Sample code using vmalloc is provided in the scullv module. Like scullp, this module is a stripped-down version of scull that uses a different allocation function to obtain space for the device to store data.

The module allocates memory 16 pages at a time. The allocation is done in large chunks to achieve better performance than scullp and to show something that takes too long with other allocation techniques to be feasible. Allocating more than one page with __get_free_pages is failure prone, and even when it succeeds, it can be slow. As we saw earlier, vmalloc is faster than other functions in allocating several pages, but somewhat slower when retrieving a single page, because of the overhead of page-table building. scullv is designed like scullp. order specifies the “order” of each allocation and defaults to 4. The only difference between scullv and scullp is in allocation management. These lines use vmalloc to obtain new memory:

/* Allocate a quantum using virtual addresses */
if (!dptr->data[s_pos]) {
    dptr->data[s_pos] =
        (void *)vmalloc(PAGE_SIZE << dptr->order);
    if (!dptr->data[s_pos])
        goto nomem;
    memset(dptr->data[s_pos], 0, PAGE_SIZE << dptr->order);
}

And these lines release memory:

/* Release the quantum set */
for (i = 0; i < qset; i++)
    if (dptr->data[i])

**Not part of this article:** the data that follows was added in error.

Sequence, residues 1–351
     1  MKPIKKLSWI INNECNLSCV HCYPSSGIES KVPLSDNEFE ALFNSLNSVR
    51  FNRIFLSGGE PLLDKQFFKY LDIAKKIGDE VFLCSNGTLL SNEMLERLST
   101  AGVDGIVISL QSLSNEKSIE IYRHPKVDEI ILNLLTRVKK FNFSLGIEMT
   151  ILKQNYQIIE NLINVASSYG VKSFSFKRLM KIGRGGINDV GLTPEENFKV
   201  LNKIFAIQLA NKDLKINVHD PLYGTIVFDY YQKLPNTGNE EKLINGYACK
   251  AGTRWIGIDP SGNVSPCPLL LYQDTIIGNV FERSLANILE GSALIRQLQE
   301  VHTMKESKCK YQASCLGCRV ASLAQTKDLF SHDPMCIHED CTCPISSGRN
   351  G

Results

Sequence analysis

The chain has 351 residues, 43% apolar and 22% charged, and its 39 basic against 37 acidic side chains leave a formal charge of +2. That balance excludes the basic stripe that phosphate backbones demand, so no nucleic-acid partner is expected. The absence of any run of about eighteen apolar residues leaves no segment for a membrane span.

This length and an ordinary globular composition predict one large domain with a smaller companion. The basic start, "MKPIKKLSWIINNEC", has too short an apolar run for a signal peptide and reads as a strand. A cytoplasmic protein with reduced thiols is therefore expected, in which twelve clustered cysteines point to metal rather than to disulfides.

vfree(dptr->data[i]);

If you compile both modules with debugging enabled, you can look at their data allocation by reading the files they create in /proc. The following snapshots were taken on two different systems:

salma% cat /tmp/bigfile > /dev/scullp0; head -5 /proc/scullpmem

Device 0: qset 500, order 0, sz 1048576
  item at e00000003e641b40, qset at e000000025c60000
       0:e00000003007c000
       1:e000000024778000
salma% cat /tmp/bigfile > /dev/scullv0; head -5 /proc/scullvmem

Device 0: qset 500, order 4, sz 1048576
  item at e0000000303699c0, qset at e000000025c87000
       0:a000000000034000
       1:a000000000078000
salma% uname -m
ia64

rudo% cat /tmp/bigfile > /dev/scullp0; head -5 /proc/scullpmem

Device 0: qset 500, order 0, sz 1048576
  item at c4184780, qset at c71c4800
       0:c262b000
       1:c2193000
rudo%  cat /tmp/bigfile > /dev/scullv0; head -5 /proc/scullvmem

Device 0: qset 500, order 4, sz 1048576
  item at c4184b80, qset at c71c4000
       0:c881a000
       1:c882b000
rudo% uname -m
i686

The values show two different behaviors. On IA-64, physical addresses and virtual addresses are mapped to completely different address ranges (0xE and 0xA), whereas on x86 computers vmalloc returns virtual addresses just above the mapping used for physical memory.



[30] Actually, some architectures define ranges of “virtual” addresses as reserved to address physical memory. When this happens, the Linux kernel takes advantage of the feature, and both the kernel and get_free_pages addresses lie in one of those memory ranges. The difference is transparent to device drivers and other code that is not directly involved with the memory-management kernel subsystem.

With Safari, you learn the way you learn best. Get unlimited access to videos, live online training, learning paths, books, interactive tutorials, and more.

Start Free Trial

No credit card required